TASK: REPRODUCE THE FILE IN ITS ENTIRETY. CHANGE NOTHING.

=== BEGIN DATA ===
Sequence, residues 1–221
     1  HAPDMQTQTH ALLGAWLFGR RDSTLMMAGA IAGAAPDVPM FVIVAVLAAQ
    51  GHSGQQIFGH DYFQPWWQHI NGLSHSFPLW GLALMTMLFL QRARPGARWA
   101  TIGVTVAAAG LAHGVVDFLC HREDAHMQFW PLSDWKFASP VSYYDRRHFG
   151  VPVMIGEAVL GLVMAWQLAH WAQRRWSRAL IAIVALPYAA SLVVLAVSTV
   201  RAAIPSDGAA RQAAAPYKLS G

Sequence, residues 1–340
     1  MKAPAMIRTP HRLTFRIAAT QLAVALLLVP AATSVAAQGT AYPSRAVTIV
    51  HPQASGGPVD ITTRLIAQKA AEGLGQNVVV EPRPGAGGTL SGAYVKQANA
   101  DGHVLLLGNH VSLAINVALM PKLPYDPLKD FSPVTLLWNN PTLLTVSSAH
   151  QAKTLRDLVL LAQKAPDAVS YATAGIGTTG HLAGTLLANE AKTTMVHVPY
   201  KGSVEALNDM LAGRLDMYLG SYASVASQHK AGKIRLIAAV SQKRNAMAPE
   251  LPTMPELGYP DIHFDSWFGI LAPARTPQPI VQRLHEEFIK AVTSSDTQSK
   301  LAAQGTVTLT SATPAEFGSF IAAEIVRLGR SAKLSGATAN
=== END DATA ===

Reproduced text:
Sequence, residues 1–221
     1  HAPDMQTQTH ALLGAWLFGR RDSTLMMAGA IAGAAPDVPM FVIVAVLAAQ
    51  GHSGQQIFGH DYFQPWWQHI NGLSHSFPLW GLALMTMLFL QRARPGARWA
   101  TIGVTVAAAG LAHGVVDFLC HREDAHMQFW PLSDWKFASP VSYYDRRHFG
   151  VPVMIGEAVL GLVMAWQLAH WAQRRWSRAL IAIVALPYAA SLVVLAVSTV
   201  RAAIPSDGAA RQAAAPYKLS G

Sequence, residues 1–340
     1  MKAPAMIRTP HRLTFRIAAT QLAVALLLVP AATSVAAQGT AYPSRAVTIV
    51  HPQASGGPVD ITTRLIAQKA AEGLGQNVVV EPRPGAGGTL SGAYVKQANA
   101  DGHVLLLGNH VSLAINVALM PKLPYDPLKD FSPVTLLWNN PTLLTVSSAH
   151  QAKTLRDLVL LAQKAPDAVS YATAGIGTTG HLAGTLLANE AKTTMVHVPY
   201  KGSVEALNDM LAGRLDMYLG SYASVASQHK AGKIRLIAAV SQKRNAMAPE
   251  LPTMPELGYP DIHFDSWFGI LAPARTPQPI VQRLHEEFIK AVTSSDTQSK
   301  LAAQGTVTLT SATPAEFGSF IAAEIVRLGR SAKLSGATAN